I hear from many students who are worried about the financial cost of a college education, not to mention the time commitment required to earn a degree. Both in my time as the Director of College Counseling at Cheshire Academy and during my time as an admission officer in higher education, I worked with students who needed to weigh the costs and the benefits of earning a college degree. A lot of times, students are scared off by media reports that college is too expensive. I would argue that it is too expensive not to go to college, and here’s why:
Pursuing a college degree provides students a lifelong foundation to excel in any number of fields.
Going to college helps students learn foundational skills such as critical thinking, inquiry, problem solving, and effective communication. For example, a student with a degree in English might learn to leverage those verbal skills into the fields of marketing, journalism, insurance writing, or even sales. A major might not have much to do with a student’s end profession, but it will have a lot to do with the skills they use every day in that profession.
College graduates may earn well over $1,000,000 more, on average, than high school graduates in their lifetime.
Great business minds know the saying, “Sometimes you have to spend money to make money.” The same can be said for a college education. College degrees can open up high paying jobs and opportunities to make connections. There’s plenty of research on the subject, but I’m fond of this article in Forbes.com.
Nearly every industry requires college degrees for advancement in the field.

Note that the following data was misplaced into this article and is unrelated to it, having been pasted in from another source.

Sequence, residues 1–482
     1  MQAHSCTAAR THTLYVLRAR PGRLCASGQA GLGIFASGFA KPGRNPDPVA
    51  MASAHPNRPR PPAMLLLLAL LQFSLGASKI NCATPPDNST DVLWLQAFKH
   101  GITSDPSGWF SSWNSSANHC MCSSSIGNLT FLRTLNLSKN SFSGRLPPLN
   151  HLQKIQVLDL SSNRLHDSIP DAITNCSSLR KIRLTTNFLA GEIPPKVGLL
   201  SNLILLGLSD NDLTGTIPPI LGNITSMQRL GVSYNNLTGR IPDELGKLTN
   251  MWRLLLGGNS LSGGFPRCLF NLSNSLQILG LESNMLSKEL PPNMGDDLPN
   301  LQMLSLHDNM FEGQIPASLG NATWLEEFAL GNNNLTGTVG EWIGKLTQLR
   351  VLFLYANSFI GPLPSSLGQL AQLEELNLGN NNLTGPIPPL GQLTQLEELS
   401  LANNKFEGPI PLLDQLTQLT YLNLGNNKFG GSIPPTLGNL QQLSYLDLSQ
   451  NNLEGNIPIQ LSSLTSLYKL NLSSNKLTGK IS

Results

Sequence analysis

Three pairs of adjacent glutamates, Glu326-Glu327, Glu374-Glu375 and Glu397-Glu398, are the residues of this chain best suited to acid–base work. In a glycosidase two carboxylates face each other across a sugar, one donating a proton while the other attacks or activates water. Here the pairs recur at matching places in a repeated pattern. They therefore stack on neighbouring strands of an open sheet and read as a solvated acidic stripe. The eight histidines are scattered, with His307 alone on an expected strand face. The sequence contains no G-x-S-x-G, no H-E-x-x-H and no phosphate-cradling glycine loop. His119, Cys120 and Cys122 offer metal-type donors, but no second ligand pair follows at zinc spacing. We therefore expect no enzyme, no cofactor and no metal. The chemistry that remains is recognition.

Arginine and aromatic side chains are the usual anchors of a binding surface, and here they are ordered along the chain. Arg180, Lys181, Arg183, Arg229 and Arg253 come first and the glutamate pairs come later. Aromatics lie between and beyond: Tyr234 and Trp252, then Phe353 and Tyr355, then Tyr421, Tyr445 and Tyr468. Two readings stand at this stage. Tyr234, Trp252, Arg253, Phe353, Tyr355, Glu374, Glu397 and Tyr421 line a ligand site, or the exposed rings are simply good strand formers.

You know the story: Albert Einstein and Steve Jobs never went to or finished college. Certainly there are big names of people who never went to college and have been very successful, but those people are exceptions. Many people find that the skills taught in college and the structure provided there helps them to achieve beyond what they would be capable of accomplishing without college. In addition, most companies simply have positions that include a college degree as a non-negotiable requirement.
Money isn’t the only incentive.
While certainly money should factor into your decision, there’s something to be said for the amount you’ll learn from years of studying for a college degree. As a college student, you’ll be required to read the research of those who came before you, allowing you to better understand both your field and the human condition.
Yes, college is expensive. However, there are plenty of resources out there to help students and their parents defray the cost of education. Look for federal, private, and college-based financial aid programs available to make college affordable. In addition, there are well over 4,000 postsecondary institutions in the United States alone. While some of the big names cost over $60,000 annually, there are many, many more that are very affordable, including local state schools.
At the end of the day, only you can make the decision about what is right for you. However, I often ask students to think through their goals. What do you hope to accomplish in ten years? Will a degree make those goals easier to achieve? Ask yourself these questions and think hard about your future to determine whether the expense of college is worth achieving those goals. For many, the answer is yes.